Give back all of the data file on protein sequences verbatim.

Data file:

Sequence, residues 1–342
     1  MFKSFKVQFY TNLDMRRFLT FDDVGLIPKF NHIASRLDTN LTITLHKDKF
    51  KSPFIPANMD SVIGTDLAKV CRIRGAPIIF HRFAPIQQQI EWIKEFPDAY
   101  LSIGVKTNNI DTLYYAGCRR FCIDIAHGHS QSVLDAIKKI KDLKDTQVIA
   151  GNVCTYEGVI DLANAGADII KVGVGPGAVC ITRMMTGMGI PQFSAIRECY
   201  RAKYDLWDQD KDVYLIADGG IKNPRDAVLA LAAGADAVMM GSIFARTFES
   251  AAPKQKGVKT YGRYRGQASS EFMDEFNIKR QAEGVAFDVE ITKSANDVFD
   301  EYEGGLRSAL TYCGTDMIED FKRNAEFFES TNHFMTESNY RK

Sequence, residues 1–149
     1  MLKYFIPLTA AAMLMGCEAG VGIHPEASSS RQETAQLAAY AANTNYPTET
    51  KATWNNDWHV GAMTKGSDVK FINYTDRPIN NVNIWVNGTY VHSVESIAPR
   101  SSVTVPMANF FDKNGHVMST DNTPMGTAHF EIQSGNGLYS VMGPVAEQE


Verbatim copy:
Sequence, residues 1–342
     1  MFKSFKVQFY TNLDMRRFLT FDDVGLIPKF NHIASRLDTN LTITLHKDKF
    51  KSPFIPANMD SVIGTDLAKV CRIRGAPIIF HRFAPIQQQI EWIKEFPDAY
   101  LSIGVKTNNI DTLYYAGCRR FCIDIAHGHS QSVLDAIKKI KDLKDTQVIA
   151  GNVCTYEGVI DLANAGADII KVGVGPGAVC ITRMMTGMGI PQFSAIRECY
   201  RAKYDLWDQD KDVYLIADGG IKNPRDAVLA LAAGADAVMM GSIFARTFES
   251  AAPKQKGVKT YGRYRGQASS EFMDEFNIKR QAEGVAFDVE ITKSANDVFD
   301  EYEGGLRSAL TYCGTDMIED FKRNAEFFES TNHFMTESNY RK

Sequence, residues 1–149
     1  MLKYFIPLTA AAMLMGCEAG VGIHPEASSS RQETAQLAAY AANTNYPTET
    51  KATWNNDWHV GAMTKGSDVK FINYTDRPIN NVNIWVNGTY VHSVESIAPR
   101  SSVTVPMANF FDKNGHVMST DNTPMGTAHF EIQSGNGLYS VMGPVAEQE